Vice President Dr. Bharrat Jagdeo said on Thursday that the immediate construction of a second oil refinery is not in the government’s plans for Guyana, as the country’s current capacity supports only one facility.

This announcement was made during his weekly press conference, where he addressed questions from the media. Just over a week ago, President of Guyana, Dr. Irfaan Ali, signed a Memorandum of Understanding with the Dominican Republic’s President for the potential establishment of an oil refinery in Guyana, capable of refining around 50,000 barrels of oil daily. Notably, the Dominican Republic would hold the majority share at 51 percent.

In June, Jagdeo disclosed that his administration remains committed to setting up a modular oil refinery, with four strong contenders shortlisted. While he didn’t disclose their identities or origins, he explained, “There were about 11 and these were narrowed down to four that met all the parameters we requested in the Request For Proposal (RFP). That now needs to move to the next stage, which is to rank these, and then start the discussions with the number one ranked firm and see if we can reach an agreement”.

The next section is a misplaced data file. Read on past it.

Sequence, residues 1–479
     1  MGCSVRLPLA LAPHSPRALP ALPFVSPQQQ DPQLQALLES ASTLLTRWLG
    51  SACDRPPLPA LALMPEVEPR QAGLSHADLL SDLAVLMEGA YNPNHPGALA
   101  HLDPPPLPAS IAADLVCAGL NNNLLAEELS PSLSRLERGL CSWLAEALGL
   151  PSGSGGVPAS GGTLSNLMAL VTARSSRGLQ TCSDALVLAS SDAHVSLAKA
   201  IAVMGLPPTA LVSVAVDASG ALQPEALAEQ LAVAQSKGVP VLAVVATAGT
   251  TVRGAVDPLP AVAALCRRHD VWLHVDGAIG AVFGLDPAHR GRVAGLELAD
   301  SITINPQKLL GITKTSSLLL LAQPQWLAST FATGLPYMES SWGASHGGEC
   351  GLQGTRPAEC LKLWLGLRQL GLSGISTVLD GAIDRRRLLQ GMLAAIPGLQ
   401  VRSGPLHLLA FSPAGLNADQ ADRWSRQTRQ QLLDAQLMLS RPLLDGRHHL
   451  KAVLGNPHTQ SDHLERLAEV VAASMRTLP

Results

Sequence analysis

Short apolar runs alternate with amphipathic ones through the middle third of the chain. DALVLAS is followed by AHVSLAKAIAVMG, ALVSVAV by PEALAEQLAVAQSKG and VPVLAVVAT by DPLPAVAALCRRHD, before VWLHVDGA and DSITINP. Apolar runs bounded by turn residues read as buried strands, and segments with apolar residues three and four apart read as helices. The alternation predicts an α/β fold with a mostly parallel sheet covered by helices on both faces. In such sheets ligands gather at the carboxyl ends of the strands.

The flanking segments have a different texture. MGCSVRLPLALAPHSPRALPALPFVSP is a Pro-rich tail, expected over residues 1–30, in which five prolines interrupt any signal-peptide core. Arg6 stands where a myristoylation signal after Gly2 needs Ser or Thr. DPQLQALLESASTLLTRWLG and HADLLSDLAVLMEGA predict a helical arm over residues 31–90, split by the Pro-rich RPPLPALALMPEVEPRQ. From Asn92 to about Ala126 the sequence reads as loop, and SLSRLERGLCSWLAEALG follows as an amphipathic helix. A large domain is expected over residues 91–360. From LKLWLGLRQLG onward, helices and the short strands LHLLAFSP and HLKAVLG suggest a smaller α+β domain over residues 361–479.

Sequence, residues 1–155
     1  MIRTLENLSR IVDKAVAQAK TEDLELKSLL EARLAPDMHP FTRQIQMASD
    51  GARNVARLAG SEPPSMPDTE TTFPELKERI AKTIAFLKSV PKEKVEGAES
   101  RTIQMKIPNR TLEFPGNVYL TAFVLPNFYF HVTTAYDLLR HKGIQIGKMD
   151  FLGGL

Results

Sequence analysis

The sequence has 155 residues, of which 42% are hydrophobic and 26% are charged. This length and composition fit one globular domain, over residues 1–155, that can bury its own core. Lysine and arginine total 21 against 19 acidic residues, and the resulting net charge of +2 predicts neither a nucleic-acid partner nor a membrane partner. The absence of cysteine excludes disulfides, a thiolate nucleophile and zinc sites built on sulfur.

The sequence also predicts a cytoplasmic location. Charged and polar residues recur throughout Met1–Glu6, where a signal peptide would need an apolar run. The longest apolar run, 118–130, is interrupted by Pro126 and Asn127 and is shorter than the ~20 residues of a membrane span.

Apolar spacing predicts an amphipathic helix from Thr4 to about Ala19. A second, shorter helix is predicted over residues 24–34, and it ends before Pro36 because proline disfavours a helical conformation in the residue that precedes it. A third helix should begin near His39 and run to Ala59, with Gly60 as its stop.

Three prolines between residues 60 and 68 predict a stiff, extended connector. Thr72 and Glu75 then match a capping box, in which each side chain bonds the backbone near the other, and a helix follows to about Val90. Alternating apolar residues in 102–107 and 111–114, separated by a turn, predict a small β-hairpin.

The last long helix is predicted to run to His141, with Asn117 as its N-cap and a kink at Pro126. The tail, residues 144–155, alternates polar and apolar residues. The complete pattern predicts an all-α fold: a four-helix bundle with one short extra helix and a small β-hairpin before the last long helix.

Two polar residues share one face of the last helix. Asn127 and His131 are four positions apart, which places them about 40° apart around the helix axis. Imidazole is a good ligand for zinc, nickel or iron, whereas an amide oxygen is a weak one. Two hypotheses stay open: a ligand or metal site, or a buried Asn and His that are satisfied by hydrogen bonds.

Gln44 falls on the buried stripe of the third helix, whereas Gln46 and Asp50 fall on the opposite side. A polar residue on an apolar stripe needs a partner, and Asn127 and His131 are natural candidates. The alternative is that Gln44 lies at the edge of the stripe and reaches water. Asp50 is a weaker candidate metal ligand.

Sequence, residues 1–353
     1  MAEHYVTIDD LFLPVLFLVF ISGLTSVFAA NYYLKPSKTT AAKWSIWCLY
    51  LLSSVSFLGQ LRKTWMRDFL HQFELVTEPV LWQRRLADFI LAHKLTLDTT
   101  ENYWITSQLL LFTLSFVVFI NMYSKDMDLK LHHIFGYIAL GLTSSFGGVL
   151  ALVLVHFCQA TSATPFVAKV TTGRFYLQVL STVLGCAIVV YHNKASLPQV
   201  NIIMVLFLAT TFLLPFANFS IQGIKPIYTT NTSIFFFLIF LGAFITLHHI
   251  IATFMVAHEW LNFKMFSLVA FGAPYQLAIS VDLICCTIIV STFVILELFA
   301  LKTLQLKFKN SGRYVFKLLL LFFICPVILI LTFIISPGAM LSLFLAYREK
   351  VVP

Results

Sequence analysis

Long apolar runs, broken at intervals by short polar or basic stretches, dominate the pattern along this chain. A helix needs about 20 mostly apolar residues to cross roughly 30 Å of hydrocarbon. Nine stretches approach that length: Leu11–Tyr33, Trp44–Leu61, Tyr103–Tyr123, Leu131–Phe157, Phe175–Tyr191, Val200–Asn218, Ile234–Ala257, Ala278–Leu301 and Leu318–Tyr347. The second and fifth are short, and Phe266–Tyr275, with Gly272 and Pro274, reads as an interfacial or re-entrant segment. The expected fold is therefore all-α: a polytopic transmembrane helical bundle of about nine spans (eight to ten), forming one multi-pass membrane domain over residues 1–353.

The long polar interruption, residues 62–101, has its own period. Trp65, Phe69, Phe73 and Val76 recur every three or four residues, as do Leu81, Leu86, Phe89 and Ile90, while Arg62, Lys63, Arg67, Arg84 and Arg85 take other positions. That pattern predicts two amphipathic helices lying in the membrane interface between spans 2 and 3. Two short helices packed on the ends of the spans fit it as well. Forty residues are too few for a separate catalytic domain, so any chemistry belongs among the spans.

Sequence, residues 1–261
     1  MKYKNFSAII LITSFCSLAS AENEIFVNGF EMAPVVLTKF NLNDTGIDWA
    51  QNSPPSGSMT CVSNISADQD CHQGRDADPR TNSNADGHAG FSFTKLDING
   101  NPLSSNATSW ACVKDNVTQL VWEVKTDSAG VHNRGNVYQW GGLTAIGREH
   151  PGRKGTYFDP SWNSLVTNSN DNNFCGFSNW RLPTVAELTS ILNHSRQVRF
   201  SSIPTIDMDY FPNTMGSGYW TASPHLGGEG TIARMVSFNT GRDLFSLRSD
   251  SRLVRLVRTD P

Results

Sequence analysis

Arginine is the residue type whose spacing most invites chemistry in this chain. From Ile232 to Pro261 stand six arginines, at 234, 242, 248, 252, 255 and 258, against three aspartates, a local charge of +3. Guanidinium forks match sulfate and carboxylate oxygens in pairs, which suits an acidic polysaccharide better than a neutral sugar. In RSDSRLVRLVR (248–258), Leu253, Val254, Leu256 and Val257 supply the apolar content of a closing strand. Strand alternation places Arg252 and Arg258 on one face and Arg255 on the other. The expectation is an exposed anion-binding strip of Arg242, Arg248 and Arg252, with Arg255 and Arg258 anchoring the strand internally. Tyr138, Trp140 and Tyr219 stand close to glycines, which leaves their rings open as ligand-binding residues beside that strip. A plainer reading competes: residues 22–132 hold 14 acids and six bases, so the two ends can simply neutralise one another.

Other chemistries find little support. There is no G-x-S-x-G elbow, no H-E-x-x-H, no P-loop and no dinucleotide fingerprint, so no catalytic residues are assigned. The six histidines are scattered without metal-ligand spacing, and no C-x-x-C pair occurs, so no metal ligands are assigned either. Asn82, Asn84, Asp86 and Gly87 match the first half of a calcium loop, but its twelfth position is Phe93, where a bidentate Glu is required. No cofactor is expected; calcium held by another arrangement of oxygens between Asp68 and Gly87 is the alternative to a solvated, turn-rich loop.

Back in January, the government received nine proposals for a local oil refinery project on Crab Island in Region Six. During the recent press conference, Vice President Jagdeo acknowledged these submissions and noted that the initial evaluation phase is complete, but the government awaits further details.

He added, “A number of other countries are sending in proposala”. “If it goes forward, it has to be on conditions that are good for the country and meet financial and technical requirements.”

The Vice President highlighted the government’s parallel focus on storage and strategic reserves, stating, “With Trinidad, there were some discussions but if we are doing a refinery, it will be here because it defeats the purpose to have the refining done in Trinidad.”

Jagdeo emphasized the government’s motivation for a refinery, citing national energy security as a prime concern. He said it is considering the feasibility of tolling some of Guyana’s crude and evaluating the associated fees for refining and storing the refined products.

Furthermore, he indicated that not only would a refinery bolster national energy security, but it could also potentially lead to more affordable energy costs based on preliminary projections.


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